I do think that if people really took it seriously and were able to button down on these attractants and were willing to be creative – as bears figure things out – then yes putting down bears wouldn’t happen nearly as much. You might always have that one odd bear that comes into town and it’s just determined to get into trouble, but it would be so rare that I just don’t think it would be the same. I do think that people’s actions in town are leading to these conflicts which in return leads to me being in the position of having to kill a bear.

What’s your biggest challenge?

I think my biggest challenge is getting people to appreciate how complex this challenge is and to understand it is a balancing act. As in, bears are not so dangerous that anyone should live in fear or we can’t tolerate their presence in town on some level, but they aren’t harmless either and should not be treated like pets or “friends.” It is so hard to convince some people that it is more dangerous for the bear to be in town and that eating your garbage, city-fruit, etc. is not beneficial to them. I also get frustrated when people want to simplify the issue to be about us (CPW) and our nefarious decisions instead of a community and ecological one. I would love to leave the bears alone, but I can’t always, and no reasonable person in my position could either so it isn’t fair to make it about me (or whatever individual happens to be in my spot).

How about a favorite moment?

I have to say passing the Bear Protection Ordinance with Val and Brenda was one of the highlights of my career thus far. I also am just constantly encouraged by the positive feedback I get from the public, who not only try to understand, but are willing to do something to make a difference.

*Edited for length and clarity*

City of Boulder:

Valerie Matheson

Urban Wildlife Conservation Coordinator

Recognizing the close proximity to the mountains and open space, the City of Boulder brought Valerie Matheson on as the city’s first Urban Wildlife Conservation Coordinator. Not only is this a first for Boulder, but it very well may be a one-of-a-kind role for any American government municipality. Originally this work was covered by a team of city staff from five different departments, which ultimately proved to be inefficient for each person to take 10-20% of their time to work on urban wildlife related issues. In 2009 Valerie was brought on to help the city become more proactive and consider ways to better coexist with wildlife and limit lethal control where possible. She spends about 25% of her time on permitting, 25% on policy and plan development, and the remaining 50% is dedicated to project management and implementation. Considering Boulder is located in between the Rocky Mountain foothills and the western plains, in addition to black bears, mountain lions, and coyotes, Valerie spends a portion of her time on prairie dog concerns. Boulder has an extremely engaged community, which tends to be a bit of a blessing and a curse for public servants, so much of the Urban Wildlife Conservation Coordinator position is centered around creating policy around community concerns and managing those expectations.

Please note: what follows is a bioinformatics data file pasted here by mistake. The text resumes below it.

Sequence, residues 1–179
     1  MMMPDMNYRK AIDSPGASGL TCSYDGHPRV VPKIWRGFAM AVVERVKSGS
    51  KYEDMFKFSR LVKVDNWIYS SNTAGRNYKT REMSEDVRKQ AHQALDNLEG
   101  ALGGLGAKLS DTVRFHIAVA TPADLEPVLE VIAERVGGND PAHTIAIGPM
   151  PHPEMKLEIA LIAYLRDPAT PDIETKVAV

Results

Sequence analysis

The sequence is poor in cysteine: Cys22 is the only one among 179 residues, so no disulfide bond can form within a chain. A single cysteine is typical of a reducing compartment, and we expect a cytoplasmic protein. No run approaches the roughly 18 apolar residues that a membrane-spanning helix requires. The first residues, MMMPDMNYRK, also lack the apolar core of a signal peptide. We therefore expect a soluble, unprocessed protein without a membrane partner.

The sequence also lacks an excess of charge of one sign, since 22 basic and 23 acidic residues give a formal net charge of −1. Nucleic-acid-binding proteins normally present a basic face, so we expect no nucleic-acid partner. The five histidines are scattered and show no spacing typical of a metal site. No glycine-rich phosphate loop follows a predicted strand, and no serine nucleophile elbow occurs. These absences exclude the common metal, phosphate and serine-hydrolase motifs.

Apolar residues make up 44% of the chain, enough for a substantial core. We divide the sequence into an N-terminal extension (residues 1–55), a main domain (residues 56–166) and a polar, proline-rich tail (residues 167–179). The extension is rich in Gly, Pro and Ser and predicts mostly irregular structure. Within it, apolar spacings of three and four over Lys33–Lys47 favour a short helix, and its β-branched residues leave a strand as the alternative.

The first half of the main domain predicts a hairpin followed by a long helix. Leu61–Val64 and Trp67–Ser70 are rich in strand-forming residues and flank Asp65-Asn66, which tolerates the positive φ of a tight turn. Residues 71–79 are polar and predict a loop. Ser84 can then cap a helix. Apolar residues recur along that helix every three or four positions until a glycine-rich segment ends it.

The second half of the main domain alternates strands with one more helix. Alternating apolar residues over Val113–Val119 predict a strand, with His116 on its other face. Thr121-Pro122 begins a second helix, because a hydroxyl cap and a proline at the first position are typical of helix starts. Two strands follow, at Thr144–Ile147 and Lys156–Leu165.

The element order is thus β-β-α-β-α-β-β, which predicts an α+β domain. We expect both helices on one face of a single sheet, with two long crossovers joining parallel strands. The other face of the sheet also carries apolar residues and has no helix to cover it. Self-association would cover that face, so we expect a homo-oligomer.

“My role is really trying to get to the information of, what does the community want? Because it doesn’t make sense to build an ordinance that the community doesn’t support and won’t comply with. It’s all about figuring out what is important to you and how do we do that.”

Q&A with Val Matheson

How did you get involved with urban conservation programs?

I’ve been working on human-animal conflict since I was 18, which includes jobs and pursuing study and stuff. I grew up in New York City, which is an incredibly urban environment. A place that was really special to me at the time was a wildlife refuge in Queens, where I did a high school internship. I started taking seasonal work when I was 18 for a couple years as a ranger in NYC to protect the piping plover, which is this little baked potato of a bird that was federally protected and nested on beaches in Queens where vehicles were allowed to drive up and down. Their chicks, which are precocial, had to get hatched out and run off to the ocean to feed, but they’d get trapped in these tire tracks and just run up and down the tire tracks and they couldn’t get out and eat. Part of my role was keeping vehicles off the beach and it was an incredibly contentious situation for folks who had been driving on the beach for 30 years and now this little bird was getting federal status and they couldn’t drive anymore and they hired rangers to monitor the area. So early on I was really intrigued by this juxtaposition of protecting species in urban areas where they don’t quite fit. So I continued that theme and worked on graduate school work on how communities change over an urban gradient- examining birds, butterflies, spiders, and looking at community composition from urban centers to natural areas. And so that’s always been my interest but I got really burnt out in graduate school and wanted to be a park ranger for a while, so I came to Boulder and did that. Eventually I did want to do more and the timing worked out where my current Urban Wildlife Conservation Coordinator position was created and sent out for hire at the end of 2008. I applied and got it. It was really an amazing match because I’ve always been interested in how animals and people work together in the urban interface and was kind of where I planned to be going.

What was the process like for implementing the Bear Protection Ordinance?